They met the residents, they toured the town and they drew up designs. The Minnesota Design Team (MDT) left a lasting mark in Crosslake last weekend when volunteers donated their time to listen to community members and suggest ways to improve the town.

The MDT, which is a volunteer-based group that aims to help cities identify future direction by creating a visual perspective, chose Crosslake as one of its cities to visit this year and was in town Thursday through Sunday, Sept. 15-18. The designers participated in activities such as presentations and tours that helped them to gain an understanding of the Crosslake community.

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Friday morning, the whole team and many community members gathered at Manhattan Beach Lodge for breakfast and a series of presentations about different elements of Crosslake, such as housing, tourism, education, recreation, infrastructure and connectivity. Crosslake Community High School senior Nessa Engen presented the results of a survey she sent to more than 200 area youth to get their input for the design team process, which the team members took into account for their final presentation.

A bus and a boat were waiting for the MDT Friday afternoon to take the designers on tours of Crosslake to get them acquainted with the town's structure and layout. Then they traded the transportation for walking shoes and finished the tour on foot, beginning at the Army Corps of Engineers Campground and stopping at sites such as the location for the new community school and Town Square.

Community members got a chance to interact further with the design team Friday evening at a town-wide dinner at Crosslake Lutheran Church. This gathering was the last opportunity for anyone to articulate their opinions and get their voices heard before the designers started their work.

Saturday evening, after a full work day, the designers presented their ideas to an eager crowd at the Army Corps of Engineers Campground. Design team leader Pete Musty, who grew up in Brainerd, kicked off the evening with an introduction during which he described his time working with Crosslake as "a special, special summer" and a great opportunity to come back and help part of his childhood community.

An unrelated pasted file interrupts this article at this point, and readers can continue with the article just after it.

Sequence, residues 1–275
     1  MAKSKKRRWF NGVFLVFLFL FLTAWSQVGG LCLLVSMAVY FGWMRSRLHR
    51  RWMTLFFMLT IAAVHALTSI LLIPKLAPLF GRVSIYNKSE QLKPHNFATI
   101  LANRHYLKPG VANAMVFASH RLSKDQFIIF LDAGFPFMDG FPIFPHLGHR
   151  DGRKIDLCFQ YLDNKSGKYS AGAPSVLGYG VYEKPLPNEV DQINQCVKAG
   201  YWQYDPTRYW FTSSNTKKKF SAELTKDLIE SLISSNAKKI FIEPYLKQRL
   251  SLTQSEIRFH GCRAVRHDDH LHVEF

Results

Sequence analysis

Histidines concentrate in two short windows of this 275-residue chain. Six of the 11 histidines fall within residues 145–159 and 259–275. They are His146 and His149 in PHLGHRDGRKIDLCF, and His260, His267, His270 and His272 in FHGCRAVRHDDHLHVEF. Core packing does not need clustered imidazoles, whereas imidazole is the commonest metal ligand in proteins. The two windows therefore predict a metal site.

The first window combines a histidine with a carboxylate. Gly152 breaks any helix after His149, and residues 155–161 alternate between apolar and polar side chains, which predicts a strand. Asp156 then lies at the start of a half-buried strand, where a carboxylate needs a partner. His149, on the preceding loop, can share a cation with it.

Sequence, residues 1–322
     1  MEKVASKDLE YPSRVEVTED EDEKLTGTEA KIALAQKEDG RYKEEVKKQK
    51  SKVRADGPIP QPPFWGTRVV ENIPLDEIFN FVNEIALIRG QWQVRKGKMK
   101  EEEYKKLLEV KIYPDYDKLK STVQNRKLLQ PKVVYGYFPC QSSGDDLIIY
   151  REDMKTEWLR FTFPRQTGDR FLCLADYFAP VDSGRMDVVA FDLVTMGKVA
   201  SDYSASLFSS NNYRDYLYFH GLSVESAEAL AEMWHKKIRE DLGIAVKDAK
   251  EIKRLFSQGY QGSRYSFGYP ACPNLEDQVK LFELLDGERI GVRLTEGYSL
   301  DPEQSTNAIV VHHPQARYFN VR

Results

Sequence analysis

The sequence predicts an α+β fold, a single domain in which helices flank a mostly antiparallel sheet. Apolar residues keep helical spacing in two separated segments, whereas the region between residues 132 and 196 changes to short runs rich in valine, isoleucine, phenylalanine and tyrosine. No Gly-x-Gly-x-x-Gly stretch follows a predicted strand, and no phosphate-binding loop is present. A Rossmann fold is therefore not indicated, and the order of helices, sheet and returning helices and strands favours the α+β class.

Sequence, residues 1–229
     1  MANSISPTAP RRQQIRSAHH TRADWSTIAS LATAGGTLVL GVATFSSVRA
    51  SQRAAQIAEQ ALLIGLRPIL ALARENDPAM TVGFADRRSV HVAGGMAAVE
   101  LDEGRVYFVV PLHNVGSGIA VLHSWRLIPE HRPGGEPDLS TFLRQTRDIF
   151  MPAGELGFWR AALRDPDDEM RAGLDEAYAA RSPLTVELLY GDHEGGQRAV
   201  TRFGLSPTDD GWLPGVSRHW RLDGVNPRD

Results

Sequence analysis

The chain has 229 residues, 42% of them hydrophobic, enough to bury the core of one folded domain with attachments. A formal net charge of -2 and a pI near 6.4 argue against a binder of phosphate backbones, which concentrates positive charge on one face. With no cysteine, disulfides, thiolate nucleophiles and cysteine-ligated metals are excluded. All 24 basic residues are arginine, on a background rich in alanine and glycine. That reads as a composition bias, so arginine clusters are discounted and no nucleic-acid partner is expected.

Several ideas presented revolved around one of Crosslake's most important features - the water.

"You have some of the best water quality and best recreational water and lifestyle in the state," Musty said. "It's your treasure."

That's why ideas such as water taxis, temporary seasonal docks and a Whitefish Freshwater Institute were central parts of the presentation.

The Freshwater Institute would be a research and resource facility dedicated to educate everyone - residents and visitors - about water quality and the importance of healthy water in the community. Among its uses could be conferences, seminars, field labs, environmental classes and college internships.

"It officiates your position within the region and perhaps throughout the state as the place to go to learn about how to educate, protect and become a leader in the regional resources when it comes to recreation water," one designer said. "This concept would be an economic driver for Crosslake and, of course, the Whitefish Chain and surrounding communities."

Furthermore, the institute would be located in a building called the Loon Center to pay tribute to the state's iconic bird.

"It's a building really that ecompasses the ideas of the Freshwater Institute and its scientific endeavor as well as the natural environment and learning about Minnesota's bird," another designer said.